Recipe: Cacio e pepe

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Cacio e pepe, this heavenly dish consisting only of pasta, pecorino and black pepper (and a little cooking water from the pasta) has always seemed so daunting to make. I have enjoyed it cooked to perfection in Rome (it’s a Roman dish) but I never thought I could recreate it at home. But then I read Felicity Cloake’s article about the perfect cacio e pepe and decided to have a go as she made it seem so easy. And it turns out, with her guidance, it actually was!

The receipt is perfect. I didn’t change a thing and it worked perfectly the first time. If you’re a cacio e pepe novice like I was I highly recommend reading the article beforehand just to understand the elements of the dish better. And I can’t stress enough how important the quality of the ingredients are; buy some good dried pasta (I love de Cecco) and some really nice pecorino ( I got mine from Natoora) and your finished dish will be just as nice as the one you had in Rome on your holiday.

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Cacio e pepe, serves 2

Adapted from Felicity Cloake’s recipe.

2 tsp black peppercorns

200 g spaghetti 

80 g pecorino romano, at room temperature, finely grated 

Toast the peppercorns in a very hot, dry pan then roughly crush with a pestle and mortar.

Bring a wide shallow pan of well-salted water to the boil, then add the pasta; it should be covered but not by much. Stir occasionally during cooking and, five minutes into the cooking time, scoop out 250 ml water into a wide bowl to allow it to cool slightly.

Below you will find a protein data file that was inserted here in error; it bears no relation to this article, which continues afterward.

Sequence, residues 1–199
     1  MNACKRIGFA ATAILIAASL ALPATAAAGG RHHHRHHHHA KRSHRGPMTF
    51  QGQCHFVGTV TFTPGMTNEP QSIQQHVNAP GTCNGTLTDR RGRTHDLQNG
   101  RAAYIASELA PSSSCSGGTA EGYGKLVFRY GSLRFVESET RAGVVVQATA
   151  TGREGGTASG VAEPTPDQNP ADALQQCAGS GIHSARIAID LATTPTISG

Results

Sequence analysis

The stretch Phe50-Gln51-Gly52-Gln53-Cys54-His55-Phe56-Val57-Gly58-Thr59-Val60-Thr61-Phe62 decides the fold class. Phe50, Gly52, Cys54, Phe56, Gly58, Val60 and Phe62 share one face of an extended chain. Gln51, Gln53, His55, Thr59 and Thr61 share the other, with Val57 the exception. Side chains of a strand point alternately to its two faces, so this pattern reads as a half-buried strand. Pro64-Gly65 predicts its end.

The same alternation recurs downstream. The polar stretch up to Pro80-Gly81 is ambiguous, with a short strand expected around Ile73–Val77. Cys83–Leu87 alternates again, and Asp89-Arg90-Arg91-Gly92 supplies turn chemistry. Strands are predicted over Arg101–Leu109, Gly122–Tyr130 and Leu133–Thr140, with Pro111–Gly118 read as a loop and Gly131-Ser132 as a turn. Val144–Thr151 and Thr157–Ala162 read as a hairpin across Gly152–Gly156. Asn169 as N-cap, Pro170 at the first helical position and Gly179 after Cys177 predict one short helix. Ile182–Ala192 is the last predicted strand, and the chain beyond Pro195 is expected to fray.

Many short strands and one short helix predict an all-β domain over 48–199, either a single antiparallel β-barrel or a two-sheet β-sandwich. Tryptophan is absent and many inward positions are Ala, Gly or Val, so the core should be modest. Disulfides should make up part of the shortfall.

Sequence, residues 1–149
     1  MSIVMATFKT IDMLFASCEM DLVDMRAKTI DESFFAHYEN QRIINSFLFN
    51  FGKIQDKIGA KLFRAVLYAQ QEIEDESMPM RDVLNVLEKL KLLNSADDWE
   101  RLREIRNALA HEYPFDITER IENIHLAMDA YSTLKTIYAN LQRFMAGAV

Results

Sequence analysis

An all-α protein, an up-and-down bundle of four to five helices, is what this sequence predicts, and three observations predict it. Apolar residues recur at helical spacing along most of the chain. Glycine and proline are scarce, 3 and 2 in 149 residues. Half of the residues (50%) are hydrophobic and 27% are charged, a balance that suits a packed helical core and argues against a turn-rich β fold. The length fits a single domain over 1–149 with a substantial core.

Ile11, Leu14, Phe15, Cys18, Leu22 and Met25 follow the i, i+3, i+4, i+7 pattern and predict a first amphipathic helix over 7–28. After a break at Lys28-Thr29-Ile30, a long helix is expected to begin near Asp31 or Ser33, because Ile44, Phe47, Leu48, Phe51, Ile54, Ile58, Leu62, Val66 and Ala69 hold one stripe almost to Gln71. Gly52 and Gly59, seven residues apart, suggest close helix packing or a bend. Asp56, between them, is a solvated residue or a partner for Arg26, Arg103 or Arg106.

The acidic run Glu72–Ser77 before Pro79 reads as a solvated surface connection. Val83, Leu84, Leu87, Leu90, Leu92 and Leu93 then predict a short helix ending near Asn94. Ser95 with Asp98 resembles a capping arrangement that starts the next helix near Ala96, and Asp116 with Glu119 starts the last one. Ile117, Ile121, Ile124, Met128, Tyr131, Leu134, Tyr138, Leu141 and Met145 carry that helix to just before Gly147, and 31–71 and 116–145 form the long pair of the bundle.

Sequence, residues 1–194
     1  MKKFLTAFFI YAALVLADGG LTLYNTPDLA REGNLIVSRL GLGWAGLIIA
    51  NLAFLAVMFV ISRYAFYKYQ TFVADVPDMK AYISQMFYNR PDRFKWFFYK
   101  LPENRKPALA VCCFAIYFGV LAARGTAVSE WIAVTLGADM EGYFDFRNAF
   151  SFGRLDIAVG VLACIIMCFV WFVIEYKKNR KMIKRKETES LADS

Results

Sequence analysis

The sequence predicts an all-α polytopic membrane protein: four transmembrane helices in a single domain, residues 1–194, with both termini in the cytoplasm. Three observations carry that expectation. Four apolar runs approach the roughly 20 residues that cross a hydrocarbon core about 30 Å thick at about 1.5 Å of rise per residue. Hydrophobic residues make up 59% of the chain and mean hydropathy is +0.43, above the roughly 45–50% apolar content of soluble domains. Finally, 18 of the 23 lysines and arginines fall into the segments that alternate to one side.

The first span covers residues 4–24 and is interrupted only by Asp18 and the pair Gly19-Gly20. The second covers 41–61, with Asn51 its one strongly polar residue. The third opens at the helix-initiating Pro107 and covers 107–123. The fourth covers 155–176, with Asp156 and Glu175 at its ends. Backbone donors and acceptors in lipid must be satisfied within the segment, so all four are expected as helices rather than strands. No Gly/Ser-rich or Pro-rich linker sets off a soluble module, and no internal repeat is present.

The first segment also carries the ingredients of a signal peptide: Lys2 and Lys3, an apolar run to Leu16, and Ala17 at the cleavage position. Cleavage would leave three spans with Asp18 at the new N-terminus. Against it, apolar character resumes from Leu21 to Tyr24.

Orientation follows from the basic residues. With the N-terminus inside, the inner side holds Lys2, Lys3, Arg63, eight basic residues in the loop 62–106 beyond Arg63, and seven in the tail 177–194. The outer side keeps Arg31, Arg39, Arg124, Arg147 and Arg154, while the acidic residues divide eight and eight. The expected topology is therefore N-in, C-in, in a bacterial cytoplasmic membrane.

Drain the pasta and leave it to cool for a minute. Meanwhile, put the cheese and most of the pepper in a large, heavy bowl or pan and beat in some of the pasta water very gradually to make first a paste, and then a sauce the consistency of bechamel. Add the pasta and toss furiously while adding enough of the water to make a sauce that coats each strand of spaghetti.

Divide between warm bowls, sprinkle over a little more pepper, and serve immediately.

 

Recipe: Orrechiette with salsiccia

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This is my attempt to recreate one of those amazing food memories I have stored in my head.

My friend Caroline and I were in Bologna last year and although we couldn’t secure a reservation at Osteria Franscescana in nearby Modena, we still decided to visit for the day. We went to Massimo Bottura’s much more unassuming restaurant Franceschetta 58 for lunch and tucked into the small but perfectly assembled lunch buffet. And that’s where I had one of the best pasta dishes I’ve ever eaten; their orrechiette with salsiccia. It was utterly heavenly and what I tried to create at home one day, with my last precious salsiccia from the same trip (stored in the freezer of course).